First off, I\"m a bit hesitant to comment on this subject of commercial seed berry production vs non-commercially available seed. But, I've considered it carefully and taken some observations into account and think it would be ok for me to throw in my two cents for what they are worth.
Everyone here knows I sell seed. So, when a few respected growers suggest that they are having poor results from plants that were grown from commercially available seed right next to a native strain plant, this was somewhat perplexing to me (if I had the correct understanding).
I thought back to a time when I had every small plat marked and knew where every plant in my experimental gardens were from. I noted the plants from Wisconsin and New York seed seemed to come up about the same time before anything else. They seemed to have about the same degree of disease resistance -very little. The plants from seed out of the mid southern states seemed to come up next, and had much better disease resistance. The seed from the Canadian strains I currently plant and sell, came up next, and had/have moderate to good disease resistance. But, the plants from native strain seed (legally harvested roots put into a raised bed at home for observation and seed collection) came up last and seemed to be the most hardy of them all. They also seemed to have the best disease resistance.
So, to some extent, this seems to agree with all your observations.
But, another point should be considered. That being that the larger, more mature plants seem to go down earliest in the fall. I went and checked on my patches yesterday and cut the tops like many of you do just before the digging season arrives. I must say, this is an exceptional year for seeing ginseng. In a relatively small area, I filled a feed sack with harvested tops from my beds. I'm sure I could have cut half again as much if I had had more time. I concentrated on legal to harvest plants and particularly the large plants near the paths and roads through the woods.
All of these plants were grown from the same seed from the same source. However, I noticed that there were very few seeds still on the plants. Most had already fallen off. Not all to be sure, as there were some impressive balls of crimson red berries to plant. But there were many more on the ground that only needed pushing into the ground.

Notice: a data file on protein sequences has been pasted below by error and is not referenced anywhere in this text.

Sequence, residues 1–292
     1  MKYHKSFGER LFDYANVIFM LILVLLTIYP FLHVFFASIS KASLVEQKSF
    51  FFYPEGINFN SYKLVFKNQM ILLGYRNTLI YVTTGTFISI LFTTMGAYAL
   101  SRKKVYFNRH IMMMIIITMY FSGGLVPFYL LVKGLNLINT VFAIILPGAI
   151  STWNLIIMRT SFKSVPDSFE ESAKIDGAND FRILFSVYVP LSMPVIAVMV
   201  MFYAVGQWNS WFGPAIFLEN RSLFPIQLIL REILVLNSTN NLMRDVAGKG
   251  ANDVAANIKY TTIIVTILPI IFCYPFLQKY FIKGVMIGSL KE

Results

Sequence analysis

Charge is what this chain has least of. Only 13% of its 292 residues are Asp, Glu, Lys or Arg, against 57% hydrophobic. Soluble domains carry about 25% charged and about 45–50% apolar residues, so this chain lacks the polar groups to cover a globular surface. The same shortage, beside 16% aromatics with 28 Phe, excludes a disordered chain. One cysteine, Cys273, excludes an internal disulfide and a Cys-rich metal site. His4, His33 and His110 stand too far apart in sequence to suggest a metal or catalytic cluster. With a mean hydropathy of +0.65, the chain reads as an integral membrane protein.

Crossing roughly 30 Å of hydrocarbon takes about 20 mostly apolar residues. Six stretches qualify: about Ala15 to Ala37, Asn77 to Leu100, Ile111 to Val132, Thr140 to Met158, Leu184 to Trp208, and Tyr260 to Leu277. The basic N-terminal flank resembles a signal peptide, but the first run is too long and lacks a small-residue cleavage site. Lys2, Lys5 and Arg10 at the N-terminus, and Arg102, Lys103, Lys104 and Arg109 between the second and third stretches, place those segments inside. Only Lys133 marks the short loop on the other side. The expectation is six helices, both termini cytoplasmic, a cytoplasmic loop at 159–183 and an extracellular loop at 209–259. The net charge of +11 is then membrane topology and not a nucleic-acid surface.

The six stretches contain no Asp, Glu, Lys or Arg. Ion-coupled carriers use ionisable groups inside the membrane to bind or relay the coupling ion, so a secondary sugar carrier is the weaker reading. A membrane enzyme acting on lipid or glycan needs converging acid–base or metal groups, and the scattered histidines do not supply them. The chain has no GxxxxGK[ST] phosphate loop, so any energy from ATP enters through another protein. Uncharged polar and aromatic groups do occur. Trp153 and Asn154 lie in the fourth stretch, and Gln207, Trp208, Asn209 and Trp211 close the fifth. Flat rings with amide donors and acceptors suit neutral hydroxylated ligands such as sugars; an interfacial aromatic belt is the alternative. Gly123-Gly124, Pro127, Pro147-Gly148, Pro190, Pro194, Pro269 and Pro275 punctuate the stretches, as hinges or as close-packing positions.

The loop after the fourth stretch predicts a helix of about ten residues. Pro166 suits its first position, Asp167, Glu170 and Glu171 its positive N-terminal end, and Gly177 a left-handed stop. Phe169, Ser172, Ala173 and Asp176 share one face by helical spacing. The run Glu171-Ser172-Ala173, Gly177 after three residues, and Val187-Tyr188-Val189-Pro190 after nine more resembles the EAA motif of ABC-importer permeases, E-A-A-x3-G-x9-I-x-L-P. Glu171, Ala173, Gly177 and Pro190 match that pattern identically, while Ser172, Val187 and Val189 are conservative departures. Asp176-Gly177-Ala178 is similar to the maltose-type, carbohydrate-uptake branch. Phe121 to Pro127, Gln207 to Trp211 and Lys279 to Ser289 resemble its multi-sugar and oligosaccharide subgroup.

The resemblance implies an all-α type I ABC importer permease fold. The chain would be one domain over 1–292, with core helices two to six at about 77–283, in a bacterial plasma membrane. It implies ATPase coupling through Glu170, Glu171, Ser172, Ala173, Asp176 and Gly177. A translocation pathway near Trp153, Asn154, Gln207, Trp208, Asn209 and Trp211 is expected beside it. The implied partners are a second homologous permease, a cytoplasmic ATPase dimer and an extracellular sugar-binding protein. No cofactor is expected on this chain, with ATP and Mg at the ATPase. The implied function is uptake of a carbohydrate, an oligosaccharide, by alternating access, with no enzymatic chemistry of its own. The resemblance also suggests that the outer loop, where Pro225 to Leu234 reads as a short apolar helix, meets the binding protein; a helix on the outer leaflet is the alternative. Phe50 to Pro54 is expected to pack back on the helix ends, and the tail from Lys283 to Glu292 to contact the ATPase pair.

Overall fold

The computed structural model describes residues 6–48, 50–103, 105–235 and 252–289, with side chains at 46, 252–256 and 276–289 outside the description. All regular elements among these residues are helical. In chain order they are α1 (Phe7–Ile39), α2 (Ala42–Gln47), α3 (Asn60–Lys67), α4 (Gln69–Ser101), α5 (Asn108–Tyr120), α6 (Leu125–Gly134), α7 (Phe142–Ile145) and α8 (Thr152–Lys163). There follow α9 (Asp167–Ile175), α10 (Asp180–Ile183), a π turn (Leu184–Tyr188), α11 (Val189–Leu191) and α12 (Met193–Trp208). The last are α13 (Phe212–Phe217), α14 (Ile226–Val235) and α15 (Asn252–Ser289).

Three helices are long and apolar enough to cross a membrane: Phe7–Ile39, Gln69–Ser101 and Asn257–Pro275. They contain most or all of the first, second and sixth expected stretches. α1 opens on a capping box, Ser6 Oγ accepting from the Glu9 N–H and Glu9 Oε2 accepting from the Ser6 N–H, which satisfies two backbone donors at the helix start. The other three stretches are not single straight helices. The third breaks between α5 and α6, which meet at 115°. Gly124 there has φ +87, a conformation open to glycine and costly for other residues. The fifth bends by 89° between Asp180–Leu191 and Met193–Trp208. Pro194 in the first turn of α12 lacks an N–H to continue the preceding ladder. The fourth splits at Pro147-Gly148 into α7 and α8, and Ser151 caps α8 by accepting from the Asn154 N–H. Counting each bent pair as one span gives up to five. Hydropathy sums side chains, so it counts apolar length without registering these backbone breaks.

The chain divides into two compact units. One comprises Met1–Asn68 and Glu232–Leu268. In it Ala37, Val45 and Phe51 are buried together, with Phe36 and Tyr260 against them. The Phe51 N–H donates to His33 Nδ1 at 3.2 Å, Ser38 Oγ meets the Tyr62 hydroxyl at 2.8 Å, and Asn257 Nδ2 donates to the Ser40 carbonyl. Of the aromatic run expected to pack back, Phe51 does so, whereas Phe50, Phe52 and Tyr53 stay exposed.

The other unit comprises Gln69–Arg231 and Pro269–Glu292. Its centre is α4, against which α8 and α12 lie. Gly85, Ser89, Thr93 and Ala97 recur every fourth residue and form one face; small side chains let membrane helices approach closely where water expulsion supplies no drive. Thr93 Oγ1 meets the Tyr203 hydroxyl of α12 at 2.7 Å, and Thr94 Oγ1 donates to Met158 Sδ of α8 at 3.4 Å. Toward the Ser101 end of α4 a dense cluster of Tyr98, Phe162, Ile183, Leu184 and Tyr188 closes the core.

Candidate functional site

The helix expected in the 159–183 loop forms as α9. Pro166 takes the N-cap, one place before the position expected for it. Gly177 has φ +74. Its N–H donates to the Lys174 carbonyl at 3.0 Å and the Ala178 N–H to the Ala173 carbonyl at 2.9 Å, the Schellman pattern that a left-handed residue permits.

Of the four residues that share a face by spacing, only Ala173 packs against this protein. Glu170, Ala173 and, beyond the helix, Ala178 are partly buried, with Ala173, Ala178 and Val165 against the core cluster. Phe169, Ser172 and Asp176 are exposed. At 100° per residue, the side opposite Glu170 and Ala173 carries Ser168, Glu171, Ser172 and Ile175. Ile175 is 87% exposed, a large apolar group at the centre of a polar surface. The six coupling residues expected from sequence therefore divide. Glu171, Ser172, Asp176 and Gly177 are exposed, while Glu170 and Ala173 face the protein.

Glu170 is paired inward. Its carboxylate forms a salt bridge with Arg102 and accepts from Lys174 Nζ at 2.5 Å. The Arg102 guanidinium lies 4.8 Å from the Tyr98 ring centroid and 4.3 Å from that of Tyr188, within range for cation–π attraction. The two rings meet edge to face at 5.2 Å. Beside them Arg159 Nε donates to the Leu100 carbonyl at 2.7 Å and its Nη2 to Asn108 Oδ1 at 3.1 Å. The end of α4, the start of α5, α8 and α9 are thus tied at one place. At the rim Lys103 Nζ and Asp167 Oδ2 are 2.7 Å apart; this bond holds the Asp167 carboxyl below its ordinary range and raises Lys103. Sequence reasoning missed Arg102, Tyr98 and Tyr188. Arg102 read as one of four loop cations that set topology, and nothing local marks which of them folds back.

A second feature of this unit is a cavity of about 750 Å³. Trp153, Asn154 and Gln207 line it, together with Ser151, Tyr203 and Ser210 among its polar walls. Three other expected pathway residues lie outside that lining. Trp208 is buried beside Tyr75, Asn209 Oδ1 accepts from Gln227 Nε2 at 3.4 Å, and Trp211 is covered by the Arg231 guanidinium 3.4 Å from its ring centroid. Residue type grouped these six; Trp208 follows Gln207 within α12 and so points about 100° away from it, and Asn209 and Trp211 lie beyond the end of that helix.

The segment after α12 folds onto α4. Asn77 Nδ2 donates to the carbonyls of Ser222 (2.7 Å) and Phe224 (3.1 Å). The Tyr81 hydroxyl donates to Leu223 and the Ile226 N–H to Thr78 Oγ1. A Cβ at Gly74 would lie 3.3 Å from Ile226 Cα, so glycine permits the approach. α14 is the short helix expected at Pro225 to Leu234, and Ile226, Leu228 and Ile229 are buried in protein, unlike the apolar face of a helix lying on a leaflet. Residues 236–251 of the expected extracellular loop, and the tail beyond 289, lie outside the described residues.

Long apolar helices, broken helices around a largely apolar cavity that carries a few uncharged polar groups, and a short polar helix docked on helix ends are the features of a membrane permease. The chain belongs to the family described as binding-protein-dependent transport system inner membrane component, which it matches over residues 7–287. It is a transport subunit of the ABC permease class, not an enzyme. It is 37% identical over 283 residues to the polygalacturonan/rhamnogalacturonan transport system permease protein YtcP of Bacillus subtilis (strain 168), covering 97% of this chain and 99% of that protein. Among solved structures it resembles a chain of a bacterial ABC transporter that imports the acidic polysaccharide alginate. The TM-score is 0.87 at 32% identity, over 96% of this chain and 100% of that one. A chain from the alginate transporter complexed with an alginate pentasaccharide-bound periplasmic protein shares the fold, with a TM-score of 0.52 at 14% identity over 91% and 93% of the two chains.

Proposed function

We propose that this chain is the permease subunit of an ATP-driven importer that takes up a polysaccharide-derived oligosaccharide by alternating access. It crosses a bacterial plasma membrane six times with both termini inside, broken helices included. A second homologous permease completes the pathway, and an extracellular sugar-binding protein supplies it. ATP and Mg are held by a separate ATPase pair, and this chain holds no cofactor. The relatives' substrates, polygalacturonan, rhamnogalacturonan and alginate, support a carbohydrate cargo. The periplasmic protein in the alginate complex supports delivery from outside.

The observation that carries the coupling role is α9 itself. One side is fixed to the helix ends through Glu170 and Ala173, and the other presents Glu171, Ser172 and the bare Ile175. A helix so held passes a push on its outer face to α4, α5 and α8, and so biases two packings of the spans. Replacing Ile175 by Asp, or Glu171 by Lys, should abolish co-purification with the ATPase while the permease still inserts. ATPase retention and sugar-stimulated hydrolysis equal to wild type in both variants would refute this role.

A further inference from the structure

I\"m not arguing this point, just offering another grower's perspective.
I really wonder if a plant grown from commercial seed -which has been suggested is many generations removed from its natural character- could survive to maturity at all if there was really that much difference in the plant once the seed is planted. I mean think of it this way. If commercially available seed produced plants that 1) had difficulty producing seed and 2) was dependent upon pampered care and did not do well in the woods, we would simply have no seed and almost no ginseng at all, and we would never see commercially available seed producing plantings and stands of self-seeding plants like I observed yesterday.
You all have seen the pictures of the roots I've posted from my woods grown and wild sim plots. Those look nothing like the roots of the mother plants which bore the seed from which they came. If commercial seed was all that frail and the resulting plants could not adapt to a natural setting, how could this have happened? I don't think it could have.
Again, not arguing, just offering my own perspective as a grower
i think over time a plant will adjust to the area it is being grown in,and seed from that will be more like the plants that are native to the area,after all they are all of north american ginseng origin.
If you live in the more southerly states just make sure that you plant on the cool north and east sides of the mountain. Plant in locations with good slopes and drainage. Like Maya says. Find the richest, loosest and loamiest soil to plant your seed in. This is almost a must for cultivated seed.